Please use this identifier to cite or link to this item: http://hdl.handle.net/10497/22158
Title: 
Authors: 
Issue Date: 
2020
Citation: 
Loh, C. & Nichols, S. M. (2020, Apr 17 - 21) An actor network analysis of libraries as informal learning environments [Roundtable session]. AERA Annual Meeting, San Francisco, California. http://tinyurl.com/vjrfhlk (Conference cancelled)
Abstract: 
Libraries have been traditionally viewed as places to support the community development of literacy skills, but their importance in a networked and global world is constantly being contested by alternative visions of their social and technological relevance. Whether public and school libraries thrive in particular contexts depends on more than the presence of a space labelled “library”. This article uses Actor Network Theory (ANT) as the primary framework for analysing the relations between libraries, literacies and change in two contexts, one in Singapore and the other in Australia. Using a trans-local dialogic approach, the two authors engaged in place-centred, immersive and sustained conversations about their research cases, tracing how people, objects and ideas are received and travel across contexts to effect change. The ANT analysis of the process of innovation and change in both libraries through the minute tracing of the network relations and effects between objects, spaces, emotions revealed the interconnectedness of human and non-human objects in moving people and ideas, highlighting the distributed effect of the social and material. Through tracings of things, people and ideas using ANT, the assemblages that make the transformation possible are made visible enabling greater clarity.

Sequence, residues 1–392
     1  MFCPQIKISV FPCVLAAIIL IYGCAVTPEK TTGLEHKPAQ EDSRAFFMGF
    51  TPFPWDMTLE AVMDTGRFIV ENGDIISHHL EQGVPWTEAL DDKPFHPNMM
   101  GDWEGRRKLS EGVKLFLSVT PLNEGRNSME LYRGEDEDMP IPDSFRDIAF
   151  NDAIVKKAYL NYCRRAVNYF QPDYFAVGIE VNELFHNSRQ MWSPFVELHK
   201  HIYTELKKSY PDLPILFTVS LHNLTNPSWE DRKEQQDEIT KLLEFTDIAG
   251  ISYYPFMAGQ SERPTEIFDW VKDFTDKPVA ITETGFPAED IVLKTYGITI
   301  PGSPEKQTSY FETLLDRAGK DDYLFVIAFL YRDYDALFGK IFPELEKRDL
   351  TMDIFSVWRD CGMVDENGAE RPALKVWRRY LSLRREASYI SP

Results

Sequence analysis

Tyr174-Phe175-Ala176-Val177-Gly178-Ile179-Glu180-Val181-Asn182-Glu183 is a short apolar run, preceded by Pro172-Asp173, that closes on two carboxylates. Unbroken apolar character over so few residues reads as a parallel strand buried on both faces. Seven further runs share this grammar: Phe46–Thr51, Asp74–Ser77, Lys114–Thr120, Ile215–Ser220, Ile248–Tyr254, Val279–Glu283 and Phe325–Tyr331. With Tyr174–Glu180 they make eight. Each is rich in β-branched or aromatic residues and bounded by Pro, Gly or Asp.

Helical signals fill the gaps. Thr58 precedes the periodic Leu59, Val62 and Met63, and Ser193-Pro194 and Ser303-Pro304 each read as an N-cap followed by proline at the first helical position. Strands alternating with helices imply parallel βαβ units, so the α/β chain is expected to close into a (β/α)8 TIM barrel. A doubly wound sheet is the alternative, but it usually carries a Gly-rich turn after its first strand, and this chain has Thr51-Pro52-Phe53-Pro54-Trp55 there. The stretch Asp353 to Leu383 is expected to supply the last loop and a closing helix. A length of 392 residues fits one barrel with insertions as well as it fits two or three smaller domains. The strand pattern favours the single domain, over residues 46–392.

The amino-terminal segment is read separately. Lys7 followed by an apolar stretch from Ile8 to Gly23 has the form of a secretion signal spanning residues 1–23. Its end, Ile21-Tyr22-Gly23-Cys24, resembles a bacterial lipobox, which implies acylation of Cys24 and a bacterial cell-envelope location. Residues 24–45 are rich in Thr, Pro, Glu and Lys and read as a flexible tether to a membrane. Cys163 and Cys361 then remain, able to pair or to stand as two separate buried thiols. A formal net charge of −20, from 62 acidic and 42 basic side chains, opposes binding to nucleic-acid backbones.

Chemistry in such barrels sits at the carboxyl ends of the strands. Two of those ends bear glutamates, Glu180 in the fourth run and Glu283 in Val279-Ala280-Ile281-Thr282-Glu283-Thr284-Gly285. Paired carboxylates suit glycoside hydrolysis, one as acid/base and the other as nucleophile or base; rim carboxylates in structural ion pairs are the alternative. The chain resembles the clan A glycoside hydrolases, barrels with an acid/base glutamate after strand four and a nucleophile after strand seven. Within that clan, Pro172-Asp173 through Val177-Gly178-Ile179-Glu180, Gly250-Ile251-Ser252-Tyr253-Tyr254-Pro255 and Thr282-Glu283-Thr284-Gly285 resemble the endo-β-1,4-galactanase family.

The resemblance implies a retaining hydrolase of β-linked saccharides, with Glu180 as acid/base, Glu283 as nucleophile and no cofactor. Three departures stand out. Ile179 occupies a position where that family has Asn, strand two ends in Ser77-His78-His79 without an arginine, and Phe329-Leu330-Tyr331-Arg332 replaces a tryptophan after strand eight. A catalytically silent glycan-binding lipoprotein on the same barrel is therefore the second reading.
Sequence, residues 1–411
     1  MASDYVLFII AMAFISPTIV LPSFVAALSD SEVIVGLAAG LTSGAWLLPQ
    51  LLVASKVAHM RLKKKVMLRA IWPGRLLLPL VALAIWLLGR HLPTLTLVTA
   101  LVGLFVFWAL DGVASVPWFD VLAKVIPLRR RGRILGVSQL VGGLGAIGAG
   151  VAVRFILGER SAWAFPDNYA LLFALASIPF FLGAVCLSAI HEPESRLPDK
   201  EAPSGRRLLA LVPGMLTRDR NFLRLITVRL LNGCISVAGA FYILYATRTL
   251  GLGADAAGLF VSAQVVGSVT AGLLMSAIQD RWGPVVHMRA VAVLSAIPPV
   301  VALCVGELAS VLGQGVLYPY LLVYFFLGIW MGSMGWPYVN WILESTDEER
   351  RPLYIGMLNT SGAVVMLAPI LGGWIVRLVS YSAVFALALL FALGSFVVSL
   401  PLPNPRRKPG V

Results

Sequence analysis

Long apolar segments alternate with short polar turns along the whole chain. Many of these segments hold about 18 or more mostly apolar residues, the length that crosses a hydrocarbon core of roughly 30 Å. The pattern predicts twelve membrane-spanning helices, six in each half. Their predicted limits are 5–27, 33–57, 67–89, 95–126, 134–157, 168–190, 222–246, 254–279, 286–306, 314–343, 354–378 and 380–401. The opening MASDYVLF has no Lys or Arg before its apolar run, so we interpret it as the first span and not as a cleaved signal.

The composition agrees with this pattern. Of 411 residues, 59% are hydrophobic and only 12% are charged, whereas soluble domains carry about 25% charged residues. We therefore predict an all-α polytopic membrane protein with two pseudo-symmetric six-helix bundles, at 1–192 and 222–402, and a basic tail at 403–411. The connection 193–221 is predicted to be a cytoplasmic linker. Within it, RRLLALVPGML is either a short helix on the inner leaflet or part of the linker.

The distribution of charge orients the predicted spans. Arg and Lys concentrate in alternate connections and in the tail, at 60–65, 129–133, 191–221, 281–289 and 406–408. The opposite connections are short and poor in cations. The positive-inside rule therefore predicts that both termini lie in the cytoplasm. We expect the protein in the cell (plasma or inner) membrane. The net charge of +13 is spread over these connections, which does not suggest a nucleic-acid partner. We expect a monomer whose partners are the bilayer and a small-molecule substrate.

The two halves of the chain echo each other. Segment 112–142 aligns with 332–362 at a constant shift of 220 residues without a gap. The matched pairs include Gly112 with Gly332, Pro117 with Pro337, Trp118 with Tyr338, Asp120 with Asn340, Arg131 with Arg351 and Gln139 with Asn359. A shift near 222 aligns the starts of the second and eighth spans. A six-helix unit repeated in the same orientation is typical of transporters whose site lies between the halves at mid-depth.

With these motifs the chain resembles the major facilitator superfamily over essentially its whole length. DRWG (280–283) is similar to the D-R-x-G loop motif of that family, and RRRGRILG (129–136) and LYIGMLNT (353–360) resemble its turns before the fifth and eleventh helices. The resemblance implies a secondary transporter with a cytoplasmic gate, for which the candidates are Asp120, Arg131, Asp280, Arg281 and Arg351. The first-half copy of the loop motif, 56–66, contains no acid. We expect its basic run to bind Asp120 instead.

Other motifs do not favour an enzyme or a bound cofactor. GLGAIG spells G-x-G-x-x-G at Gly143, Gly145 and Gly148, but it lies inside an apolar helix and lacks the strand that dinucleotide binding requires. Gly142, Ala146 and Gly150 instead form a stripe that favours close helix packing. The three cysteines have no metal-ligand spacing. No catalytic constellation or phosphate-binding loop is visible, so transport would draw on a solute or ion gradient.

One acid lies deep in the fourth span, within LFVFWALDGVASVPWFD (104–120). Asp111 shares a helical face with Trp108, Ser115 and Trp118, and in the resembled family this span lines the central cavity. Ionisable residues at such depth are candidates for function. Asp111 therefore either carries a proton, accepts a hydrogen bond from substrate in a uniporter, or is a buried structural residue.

URI: 
File Permission: 
Open
File Availability: 
With file
Appears in Collections:Conference Papers

Files in This Item:
File Description SizeFormat 
AERA_2020_1.pdf357.36 kBAdobe PDFThumbnail
View/Open
Show full item record

Page view(s)

89
checked on Nov 24, 2022

Download(s) 50

72
checked on Nov 24, 2022

Google ScholarTM

Check


Items in DSpace are protected by copyright, with all rights reserved, unless otherwise indicated.